Regional co-operation and the cross-border dimension of mobility 
In these two workshops, panellists and the audience came to similar results as in some of the previously mentioned discussions, namely that intercultural and language learning were of utmost importance, even more so in border regions. Around 700,000 Europeans commuting across borders on a daily basis went to demonstrate past progress as well as remaining challenges for the creation of regional labour markets. The award-winning project by the Central Organisation of Finnish Trade Unions, “Co-operation between the Finnish and Estonian labour markets. Information Point on Finnish Working Life in Tallinn“, was mentioned as a positive example in this respect. 

Removal of legal and administrative obstacles 

In this workshop, participants found that “practical barriers often hide legal and administrative ones” – a situation for which there is “no quick fix”, as ECAS Director Tony Venables reported. As an example, he cited the administrative burden of organising a concert with a number of artists, who come from different countries in- and outside the EU, are partly employed, partly self-employed and partly with special statuses such as French intermittents, and who are, in addition, members of collecting societies from different countries as well as subject to different intellectual-property rights regimes. Workshop participants urged member states and the Commission to set up a one-stop shop to deal at least with the social-security issues of mobile workers. A common European social security number was brought up as another measure that might facilitate cross-border mobility in administrative terms. But more important than administrative reforms, participants said, was information on and enforcement of existing legislation benefiting mobile workers, especially directed at local and regional authorities, who are often unaware or unwilling to transpose the laws they have to follow. Special attention, panelists said, needed to be paid to unemployed people moving around Europe to find a job – the workshop found that until now, there is “no decent solution” for those people.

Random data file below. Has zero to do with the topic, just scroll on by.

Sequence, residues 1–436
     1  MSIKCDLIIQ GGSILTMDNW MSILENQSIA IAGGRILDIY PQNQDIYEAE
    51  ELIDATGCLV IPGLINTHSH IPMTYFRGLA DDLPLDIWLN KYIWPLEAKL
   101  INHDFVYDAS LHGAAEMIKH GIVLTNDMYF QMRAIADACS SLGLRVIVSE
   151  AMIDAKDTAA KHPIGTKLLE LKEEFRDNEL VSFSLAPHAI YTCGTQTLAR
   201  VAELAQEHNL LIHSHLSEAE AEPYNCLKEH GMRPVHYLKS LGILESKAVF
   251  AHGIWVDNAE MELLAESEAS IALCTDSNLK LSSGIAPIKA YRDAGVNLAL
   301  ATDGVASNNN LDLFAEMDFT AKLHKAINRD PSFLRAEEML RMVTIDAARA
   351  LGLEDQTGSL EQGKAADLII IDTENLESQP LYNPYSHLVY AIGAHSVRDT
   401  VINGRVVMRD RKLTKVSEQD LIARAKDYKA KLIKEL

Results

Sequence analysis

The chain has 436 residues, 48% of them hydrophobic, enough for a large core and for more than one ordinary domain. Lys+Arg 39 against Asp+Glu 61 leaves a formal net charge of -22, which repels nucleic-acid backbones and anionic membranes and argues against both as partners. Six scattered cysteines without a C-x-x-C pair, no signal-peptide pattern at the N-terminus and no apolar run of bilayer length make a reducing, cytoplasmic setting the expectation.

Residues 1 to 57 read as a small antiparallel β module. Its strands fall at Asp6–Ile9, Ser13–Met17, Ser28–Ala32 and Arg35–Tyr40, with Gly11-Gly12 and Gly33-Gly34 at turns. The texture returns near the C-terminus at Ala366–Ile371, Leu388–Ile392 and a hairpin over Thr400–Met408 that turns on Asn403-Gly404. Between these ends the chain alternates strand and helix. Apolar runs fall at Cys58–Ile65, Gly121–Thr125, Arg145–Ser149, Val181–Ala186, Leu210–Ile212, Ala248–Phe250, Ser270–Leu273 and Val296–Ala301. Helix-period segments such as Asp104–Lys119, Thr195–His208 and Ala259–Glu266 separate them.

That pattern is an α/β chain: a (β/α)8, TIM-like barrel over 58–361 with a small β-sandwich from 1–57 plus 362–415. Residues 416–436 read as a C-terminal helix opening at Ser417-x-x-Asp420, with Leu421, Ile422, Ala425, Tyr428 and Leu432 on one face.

The return issue and the importance of reintegration after a mobility experience